Barrack Obama has described the agreement reached at the COP21 summit as “the best chance we have to save the one planet we have”. He went on to say that he believes that the Paris deal marks the “turning point” towards a future of no carbon emissions.
India and China were among the other nations to praise the climate change agreement. However, there are some activists who believe that the deal will not be enough to save our planet.
The COP21 agreement has set out the target of reducing the global temperature increase to below 2C by the year 2100.
The summit was attended by representatives from almost 200 different countries, which was the largest ever meeting of world leaders in history. It is the first ever international agreement to commit all countries to reduce their carbon emissions.
The agreement will come into force in 2020; it will be legally binding in some ways and voluntary in others.
Obama went on to say that the “ambitious” deal represented a real thirst for international action on climate change:
“Together, we’ve shown what’s possible when the world stands as one.”
“In short, this agreement will mean less of the carbon pollution that threatens our planet and more of the jobs and economic growth driven by low-carbon investments.”
Obama did however say that the agreement was not “perfect”.
Xie Zhenhua, the chief negotiator for China, also believes that the deal has its flaws but said that “this does not prevent us from marching historical steps forward”.
China had been one of the nations to state that the richer countries in the world needed to do more to help developing countries with the financial burden of curbing carbon emissions.
Narendra Modi, the Indian Prime Minister, said that there were “no winners or losers” at the climate summit.
He took to Twitter to say:
“Climate justice has won and we are all working towards a greener future.”
The chairman of a group representing the world’s poorest countries, Giza Gaspar Martins, said:
“It is the best outcome we could have hoped for, not just for the Least Developed Countries, but for all citizens of the world.”
However the director of activist group Global Justice Now, Nick Dearden, said:
“It’s outrageous that the deal that’s on the table is being spun as a success when it undermines the rights of the world’s most vulnerable communities and has almost nothing binding to ensure a safe and liveable climate for future generations.”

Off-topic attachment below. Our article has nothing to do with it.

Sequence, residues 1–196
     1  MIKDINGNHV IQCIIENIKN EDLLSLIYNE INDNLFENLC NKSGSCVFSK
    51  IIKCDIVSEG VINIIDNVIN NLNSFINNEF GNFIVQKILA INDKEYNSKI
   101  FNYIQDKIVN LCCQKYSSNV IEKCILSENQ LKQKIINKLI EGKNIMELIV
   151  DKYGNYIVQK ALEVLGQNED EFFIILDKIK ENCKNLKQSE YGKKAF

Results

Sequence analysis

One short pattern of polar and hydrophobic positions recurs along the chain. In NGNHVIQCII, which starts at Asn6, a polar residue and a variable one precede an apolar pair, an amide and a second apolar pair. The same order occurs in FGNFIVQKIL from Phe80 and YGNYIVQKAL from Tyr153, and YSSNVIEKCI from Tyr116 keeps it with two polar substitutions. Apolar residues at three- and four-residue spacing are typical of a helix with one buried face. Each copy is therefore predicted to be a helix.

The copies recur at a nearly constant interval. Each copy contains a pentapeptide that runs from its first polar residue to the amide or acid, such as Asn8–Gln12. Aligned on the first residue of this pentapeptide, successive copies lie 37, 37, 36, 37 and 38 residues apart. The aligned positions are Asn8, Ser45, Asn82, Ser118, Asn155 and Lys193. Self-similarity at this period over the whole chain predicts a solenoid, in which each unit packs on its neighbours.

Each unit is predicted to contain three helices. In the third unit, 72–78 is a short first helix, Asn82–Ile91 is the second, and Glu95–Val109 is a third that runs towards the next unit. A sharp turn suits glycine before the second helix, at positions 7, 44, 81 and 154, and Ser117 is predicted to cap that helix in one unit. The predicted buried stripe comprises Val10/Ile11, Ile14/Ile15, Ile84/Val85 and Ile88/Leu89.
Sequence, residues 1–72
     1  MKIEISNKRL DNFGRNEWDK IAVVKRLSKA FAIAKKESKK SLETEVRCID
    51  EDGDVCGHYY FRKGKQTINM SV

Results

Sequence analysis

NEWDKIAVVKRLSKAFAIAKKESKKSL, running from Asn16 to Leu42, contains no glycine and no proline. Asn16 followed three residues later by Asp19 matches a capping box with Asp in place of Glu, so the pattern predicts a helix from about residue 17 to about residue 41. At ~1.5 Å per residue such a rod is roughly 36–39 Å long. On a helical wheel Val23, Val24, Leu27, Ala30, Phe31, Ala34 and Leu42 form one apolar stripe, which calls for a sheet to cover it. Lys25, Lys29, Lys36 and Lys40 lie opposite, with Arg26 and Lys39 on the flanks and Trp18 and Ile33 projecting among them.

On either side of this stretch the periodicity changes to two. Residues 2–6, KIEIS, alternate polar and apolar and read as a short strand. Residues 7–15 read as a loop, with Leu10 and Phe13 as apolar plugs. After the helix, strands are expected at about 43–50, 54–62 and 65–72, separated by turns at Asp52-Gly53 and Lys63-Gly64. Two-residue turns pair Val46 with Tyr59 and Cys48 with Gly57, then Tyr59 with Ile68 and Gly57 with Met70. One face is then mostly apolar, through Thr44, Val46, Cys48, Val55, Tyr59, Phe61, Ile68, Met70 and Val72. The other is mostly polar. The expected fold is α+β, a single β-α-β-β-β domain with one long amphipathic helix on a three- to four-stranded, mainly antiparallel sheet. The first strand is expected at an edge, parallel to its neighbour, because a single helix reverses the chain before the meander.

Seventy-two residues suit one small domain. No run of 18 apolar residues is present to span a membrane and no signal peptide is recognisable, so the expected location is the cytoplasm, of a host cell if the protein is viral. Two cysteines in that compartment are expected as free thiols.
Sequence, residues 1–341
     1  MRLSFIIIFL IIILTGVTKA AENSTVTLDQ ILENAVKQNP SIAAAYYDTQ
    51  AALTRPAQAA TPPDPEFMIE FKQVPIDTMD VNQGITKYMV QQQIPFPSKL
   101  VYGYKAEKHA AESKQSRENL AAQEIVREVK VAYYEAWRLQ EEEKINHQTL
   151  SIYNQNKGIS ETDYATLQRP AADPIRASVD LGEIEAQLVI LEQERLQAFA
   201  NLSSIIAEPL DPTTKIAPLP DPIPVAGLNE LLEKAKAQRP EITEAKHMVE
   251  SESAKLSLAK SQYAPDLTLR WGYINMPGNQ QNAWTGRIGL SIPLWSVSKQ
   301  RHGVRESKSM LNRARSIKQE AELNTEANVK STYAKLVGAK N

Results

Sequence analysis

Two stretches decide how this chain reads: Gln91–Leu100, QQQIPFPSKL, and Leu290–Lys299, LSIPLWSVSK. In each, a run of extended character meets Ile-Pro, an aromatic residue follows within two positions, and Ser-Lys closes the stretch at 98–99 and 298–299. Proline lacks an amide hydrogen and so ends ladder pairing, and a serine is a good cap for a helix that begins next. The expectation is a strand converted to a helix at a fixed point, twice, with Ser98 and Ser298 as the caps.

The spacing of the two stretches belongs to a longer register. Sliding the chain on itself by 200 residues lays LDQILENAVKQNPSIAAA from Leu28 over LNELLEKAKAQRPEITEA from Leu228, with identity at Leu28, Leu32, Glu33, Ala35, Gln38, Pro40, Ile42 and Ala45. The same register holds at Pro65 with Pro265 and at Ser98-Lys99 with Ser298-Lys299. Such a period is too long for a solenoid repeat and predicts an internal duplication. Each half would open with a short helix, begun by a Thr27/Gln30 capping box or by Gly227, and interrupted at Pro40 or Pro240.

A group that represents business leaders in favour of higher sustainability, WBCSD, tweeted saying that the deal signifies the fact that “the transition to a low carbon economy is unstoppable”.
Elements of the agreement can be enforced legally, such as reviews into individual nations efforts to meet the target and that nations must set a target for reductions their carbon emissions. However, the targets will not be enforceable by law.
Matt McGrath of the BBC was in Paris, reporting on the summit. He said:
“The speeches and the cliches at the adoption of the Paris Agreement flowed like good champagne – success after all has many fathers! The main emotion is relief. The influence of the COP president, Laurent Fabius, cannot be overstated. His long diplomatic career gave him a credibility seldom matched in this arena. He used his power well.
The deal that has been agreed, under Mr Fabius, is without parallel in terms of climate change or of the environment. It sets out a clear long-term temperature limit for the planet and a clear way of getting there. There is money for poor countries to adapt, there is a strong review mechanism to increase ambition over time. This is key if the deal is to achieve the aim of keeping warming well below 2C.
More than anything though the deal signifies a new way for the world to achieve progress – without it costing the Earth. A long term perspective on the way we do sustainability is at the heart of this deal. If it delivers that, it truly will be world changing.”
Many commentators believe that effort to force emissions targets upon nations was a major factor in the failure of the Copenhagen summit in 2009.
Many countries, such as India and China, did not wish to sign up to an agreement that they felt would scupper their development and economic growth.
However, this summit was focused around allowing nations to submit their own plans, which were referred to as Intended Nationally Determined Contributions. This meant that countries could submit their own methods of reducing carbon emissions instead of having them imposed upon them.